Cryptocurrency Regulations Around the World

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How works cryptocurrency regulations around the world?

The advancement of crypto technology and the number of investments growing around the world, made cryptocurrencies stop being a speculative investment and become part of a balanced portfolio for many investors.

With this increasing constant, many countries are still at a loss when it comes to regulating cryptocurrencies, there are many questions about which approach to take.

Given this scenario, we can identify the emergence of different regulations, allowing cryptocurrencies to be subject to different classifications and tax treatments around the world.

Here we address the current regulatory landscape of currencies in different countries.


Despite the high number of investors and companies specializing in the development of crypto platforms, the United States does not have a clear regulation for the assets.

Within a country, cryptocurrencies can be treated as a bond, commodity or currency, depending on the point of view presented.

Even if encryption changes in the country fall within the regulatory scope of the Bank Secrecy Act (BSA), being registered on the Financial Crimes Enforcement Network (FinCEN), and complying with anti-money laundering rules, the investor must be complying to understand clearly, as changes can happen at any time.


From a tax perspective, Canada has been treating cryptocurrencies like other commodities. As the first country to approve a Bitcoin exchange trading fund (ETF), it has taken a proactive stance in relation to cryptocurrency regulations within the territory.

The country also requires cryptographic trading platforms, and traders to be registered with provincial regulators, with cryptographic investment firms classified as currency services companies, and registration with the Canadian Financial Transaction Analysis and Reporting Center (FINTRAC) is mandatory.

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The UK considers cryptocurrencies as property but not legal tender. Cryptocurrency exchanges must be registered with the UK Financial Conduct Authority (FCA) and trading in crypto derivatives is prohibited.

The country’s regulatory body also introduced customer knowledge protocols (KYC) as a specific requirement.

Investors must pay capital gains taxes on profits generated by cryptographic transactions, but the taxation will depend on the activities performed as well as those involved in the transactions.


Japan has a regulation in which cryptocurrencies are recognized as legal property, in accordance with the Payment Services Act (PSA), and crypto exchanges are registered with the Financial Services Agency (FSA), complying with AML/CFT obligations .

All commercial gains generated by cryptocurrencies are recognized as “Miscellaneous Income”, with investors being taxed accordingly.


Like Japan, Australia has been advancing on cryptocurrency regulations, classifying cryptocurrencies as legal property, subject to capital gains tax.
In the country, scholarships are free, being registered at the Australian Transaction Reporting and Analysis Center (AUSTRAC).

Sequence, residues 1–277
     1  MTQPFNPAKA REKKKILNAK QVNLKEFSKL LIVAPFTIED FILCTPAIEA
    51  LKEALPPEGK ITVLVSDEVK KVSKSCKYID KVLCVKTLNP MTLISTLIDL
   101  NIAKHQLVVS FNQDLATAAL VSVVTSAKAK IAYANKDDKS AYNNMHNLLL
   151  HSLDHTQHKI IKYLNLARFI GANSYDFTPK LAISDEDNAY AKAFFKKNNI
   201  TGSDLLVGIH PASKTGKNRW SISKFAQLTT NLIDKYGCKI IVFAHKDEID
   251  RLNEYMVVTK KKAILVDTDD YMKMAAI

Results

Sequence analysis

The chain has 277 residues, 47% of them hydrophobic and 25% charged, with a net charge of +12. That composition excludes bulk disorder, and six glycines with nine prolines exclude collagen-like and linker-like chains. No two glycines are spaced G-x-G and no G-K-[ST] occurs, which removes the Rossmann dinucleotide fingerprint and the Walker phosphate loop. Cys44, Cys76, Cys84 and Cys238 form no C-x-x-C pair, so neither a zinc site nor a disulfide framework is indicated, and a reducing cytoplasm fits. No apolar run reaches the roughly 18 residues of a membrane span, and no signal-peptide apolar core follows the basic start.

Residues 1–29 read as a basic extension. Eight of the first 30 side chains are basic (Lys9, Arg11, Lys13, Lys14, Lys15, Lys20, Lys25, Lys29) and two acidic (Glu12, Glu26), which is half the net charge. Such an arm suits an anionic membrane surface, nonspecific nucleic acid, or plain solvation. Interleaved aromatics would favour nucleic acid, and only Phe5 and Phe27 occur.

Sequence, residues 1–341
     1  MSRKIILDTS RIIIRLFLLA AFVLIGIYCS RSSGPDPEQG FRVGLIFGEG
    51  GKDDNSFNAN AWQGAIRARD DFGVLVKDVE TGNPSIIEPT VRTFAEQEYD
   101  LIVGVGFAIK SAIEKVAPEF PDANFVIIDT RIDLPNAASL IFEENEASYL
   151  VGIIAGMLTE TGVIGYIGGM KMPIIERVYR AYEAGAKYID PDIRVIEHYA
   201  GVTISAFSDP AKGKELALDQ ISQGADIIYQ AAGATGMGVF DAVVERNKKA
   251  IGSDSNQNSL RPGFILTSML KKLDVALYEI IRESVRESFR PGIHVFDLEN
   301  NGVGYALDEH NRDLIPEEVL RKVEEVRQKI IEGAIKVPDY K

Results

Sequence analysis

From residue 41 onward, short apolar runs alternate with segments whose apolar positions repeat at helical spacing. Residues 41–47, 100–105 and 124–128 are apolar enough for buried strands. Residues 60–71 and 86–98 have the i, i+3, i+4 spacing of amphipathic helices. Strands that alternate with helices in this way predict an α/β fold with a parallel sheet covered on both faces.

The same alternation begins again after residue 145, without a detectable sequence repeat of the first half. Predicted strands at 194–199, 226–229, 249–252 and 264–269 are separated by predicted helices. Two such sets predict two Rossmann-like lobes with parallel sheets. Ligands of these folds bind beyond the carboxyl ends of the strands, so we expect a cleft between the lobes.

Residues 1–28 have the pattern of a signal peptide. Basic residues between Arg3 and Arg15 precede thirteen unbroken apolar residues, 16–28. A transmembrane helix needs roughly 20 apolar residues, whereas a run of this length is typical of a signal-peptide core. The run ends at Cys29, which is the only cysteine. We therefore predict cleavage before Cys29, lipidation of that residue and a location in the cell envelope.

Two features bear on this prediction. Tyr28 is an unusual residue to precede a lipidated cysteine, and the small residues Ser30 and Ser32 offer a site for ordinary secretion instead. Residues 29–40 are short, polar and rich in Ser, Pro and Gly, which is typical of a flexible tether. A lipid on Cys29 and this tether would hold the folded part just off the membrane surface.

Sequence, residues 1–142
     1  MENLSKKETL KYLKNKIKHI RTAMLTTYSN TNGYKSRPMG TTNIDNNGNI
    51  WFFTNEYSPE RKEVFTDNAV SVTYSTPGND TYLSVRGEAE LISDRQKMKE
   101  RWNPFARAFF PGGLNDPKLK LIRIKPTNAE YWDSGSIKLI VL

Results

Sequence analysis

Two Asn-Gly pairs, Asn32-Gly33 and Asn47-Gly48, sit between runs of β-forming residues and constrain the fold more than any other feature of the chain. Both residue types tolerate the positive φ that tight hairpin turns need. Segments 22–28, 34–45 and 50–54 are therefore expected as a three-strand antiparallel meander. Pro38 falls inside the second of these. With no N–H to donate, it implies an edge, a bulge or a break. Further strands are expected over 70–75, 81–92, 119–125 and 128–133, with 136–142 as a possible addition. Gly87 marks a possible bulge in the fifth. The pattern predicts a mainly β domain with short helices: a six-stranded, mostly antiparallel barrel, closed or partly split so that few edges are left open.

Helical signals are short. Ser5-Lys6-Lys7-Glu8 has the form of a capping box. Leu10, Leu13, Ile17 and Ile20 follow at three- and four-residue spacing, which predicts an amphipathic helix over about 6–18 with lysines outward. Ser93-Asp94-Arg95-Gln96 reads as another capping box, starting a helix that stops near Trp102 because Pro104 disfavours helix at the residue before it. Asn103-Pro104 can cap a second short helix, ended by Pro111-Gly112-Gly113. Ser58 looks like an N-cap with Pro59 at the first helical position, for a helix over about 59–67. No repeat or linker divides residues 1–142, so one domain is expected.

Singapore classifies cryptocurrencies as property but not legal tender, as in the UK, but the country differs from the rest in that long-term capital gains are not taxed. However, the companies that carry out the transactions are taxed, treating the gains as income.

Cryptocurrency exchanges are regulated by the Monetary Authority of Singapore (MAS) under the Payment Services Act (PSA).


As the country does not consider cryptocurrencies as legal tender or a financial asset, transactions with digital currencies do not suffer from capital gains taxes.

The regulation of exchange encryption has been overseen by the South Korean Financial Oversight Service (FSS). Cryptocurrency exchanges and virtual asset providers must be registered with the Korea Financial Intelligence Unit (KFIU).


Despite being one of the biggest emerging global powers, China has not looked favorably on the use of digital currencies, with repressive regulation that has driven many cryptographic companies out of the country.

China does not classify cryptocurrencies as legal tender, only as property for purposes of determining inheritance. The People’s Bank of China (PBOC) prohibits exchanges of cryptocurrencies in the country, claiming that these transactions facilitate public financing without approval.

The country has also banned bitcoin mining within its territory.


The country has very uncertain cryptocurrency regulations, despite following most countries and not considering cryptocurrencies legal tender, India specifies that investors must pay taxes on the profits of the cryptographic trade.


Cryptocurrency is considered legal in most parts of the European Union (EU), however currency governance can vary depending on the member state, as does taxation, which can range from 0% to 50% depending on the EU country.

As we can see, there is still a long way to go towards a clear regulation related to cryptocurrencies in many countries, with many that do not even have any type of regulation. It is necessary to be aware, as this is a period of many uncertainties, many changes can occur.

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